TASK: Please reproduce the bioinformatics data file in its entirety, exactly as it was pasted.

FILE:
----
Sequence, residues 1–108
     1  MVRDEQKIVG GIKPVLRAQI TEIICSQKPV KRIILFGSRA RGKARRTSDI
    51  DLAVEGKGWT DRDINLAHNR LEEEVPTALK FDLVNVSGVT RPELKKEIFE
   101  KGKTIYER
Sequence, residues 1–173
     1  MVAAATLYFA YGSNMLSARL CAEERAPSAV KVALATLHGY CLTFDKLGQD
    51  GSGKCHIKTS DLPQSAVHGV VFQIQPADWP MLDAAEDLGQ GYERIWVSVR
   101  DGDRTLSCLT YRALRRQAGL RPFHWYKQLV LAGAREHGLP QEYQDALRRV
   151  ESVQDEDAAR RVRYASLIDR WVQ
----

Sequence, residues 1–108
     1  MVRDEQKIVG GIKPVLRAQI TEIICSQKPV KRIILFGSRA RGKARRTSDI
    51  DLAVEGKGWT DRDINLAHNR LEEEVPTALK FDLVNVSGVT RPELKKEIFE
   101  KGKTIYER
Sequence, residues 1–173
     1  MVAAATLYFA YGSNMLSARL CAEERAPSAV KVALATLHGY CLTFDKLGQD
    51  GSGKCHIKTS DLPQSAVHGV VFQIQPADWP MLDAAEDLGQ GYERIWVSVR
   101  DGDRTLSCLT YRALRRQAGL RPFHWYKQLV LAGAREHGLP QEYQDALRRV
   151  ESVQDEDAAR RVRYASLIDR WVQ